Wed, 1 February 2023
In this Social Science Bites podcast, interviewer David Edmonds asks psychologist Kathryn Paige Harden what she could divine about his educational achievements if all she knew about him was his complete genome. “Based just on your genetic information,” she starts, “I would be able to guess about as well as I would be able to guess if I knew how much money your parents had made per year when you were growing up.”
Based on current knowledge drawn from recent samples in the United States, Harden estimates an “educational attainment polygenetic score” accounts for 15 to 17 percent of the variance in educational attainment, which is defined by years of formal education. The strength of the relationship is similar to environmental factors such as that for family wealth and educational attainment, or between educational attainment and wages.
Harden’s “guess” is as about as educated as someone in the realm could make – she directs the Developmental Behavior Genetics Lab and co-directs the Texas Twin Project at the University of Texas. Her first book was 2021’s The Genetic Lottery: Why DNA Matters for Social Equality.
One thing she stresses is that genetic influence on human behavior is not the single-factor ideal youngsters learn about in their first brush with Gregor Mendel and his pea plants.
“Almost nothing we study as psychologists is monogenetic, influenced by one gene. It’s all polygenetic, meaning that there are thousands of genetic variants, each of which has a tiny probabilistic effect. If you add up all of that information, all of that genetic difference, it ends up making a difference for people’s likelihood of developing schizophrenia or doing better on intelligence test scores or having an autism spectrum disorder – but none of these things are influenced by just one gene.”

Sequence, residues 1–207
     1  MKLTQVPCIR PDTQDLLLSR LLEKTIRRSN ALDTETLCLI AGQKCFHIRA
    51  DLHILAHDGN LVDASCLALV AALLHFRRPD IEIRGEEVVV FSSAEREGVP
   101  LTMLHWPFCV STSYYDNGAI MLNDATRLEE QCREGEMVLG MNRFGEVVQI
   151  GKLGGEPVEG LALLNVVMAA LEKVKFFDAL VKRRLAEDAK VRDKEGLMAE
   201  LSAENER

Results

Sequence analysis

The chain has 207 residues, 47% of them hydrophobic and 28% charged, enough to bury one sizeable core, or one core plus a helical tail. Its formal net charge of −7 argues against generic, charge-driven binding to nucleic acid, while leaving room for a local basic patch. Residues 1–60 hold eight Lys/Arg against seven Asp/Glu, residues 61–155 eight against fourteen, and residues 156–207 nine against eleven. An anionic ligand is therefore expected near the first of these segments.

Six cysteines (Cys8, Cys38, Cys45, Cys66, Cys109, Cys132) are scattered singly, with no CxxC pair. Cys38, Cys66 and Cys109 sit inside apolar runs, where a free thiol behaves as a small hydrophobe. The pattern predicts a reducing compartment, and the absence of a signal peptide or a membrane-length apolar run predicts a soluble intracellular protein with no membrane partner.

Plus, that “polygenetic score” varies based on environmental factors, such as whether you were raised in an authoritarian state. “If I had my exact DNA that I have now,” she details, “but I was raised in 1850s France compared to 1980s America, my educational output would be different, obviously, because my gender would have been interacting with those opportunity structures in a different way.”
As those structures evolve into ladders instead of roadblocks, the more utility we can derive from knowing the role of genetics.
“The more we ‘level the playing field,’ the more that people have environments that are rich and conducive to their individual flourishing, the more we should expect to see, and the more in empirical practice we do see, the role of genetic differences in people.”
In the shadow of eugenics and other genetics-based pseudo-sciences legacy, is harnessing that genetic influence for policy use good or bad? As Harden has experienced since her book published, “you can’t really talk about genes and education without fairly quickly running into some contested issues about fairness and equality.”
In fact, she argues that much of her on heritability doesn’t so much answer social science questions as much as it “poses a problem for the social sciences.”
In the podcast Harden discusses the Genome-wide Association Study, which she describes with a laugh as “a giant fishing expedition” in which researchers measure the DNA – genotype – from thousands or even millions of individuals and then measure that across the genome, for what comes down to “ a giant correlational exercise. Which genes are more common in people who are high on a trait versus low on a trait, or who have a disease versus don’t have a disease?”
Harden also addresses the reasons she studies identical twins in her research, the cooption of genetic tropes to advance toxic worldviews, and how race – which she rejects as a proxy for genetic differences — plays out in the real world as opposed to the lab.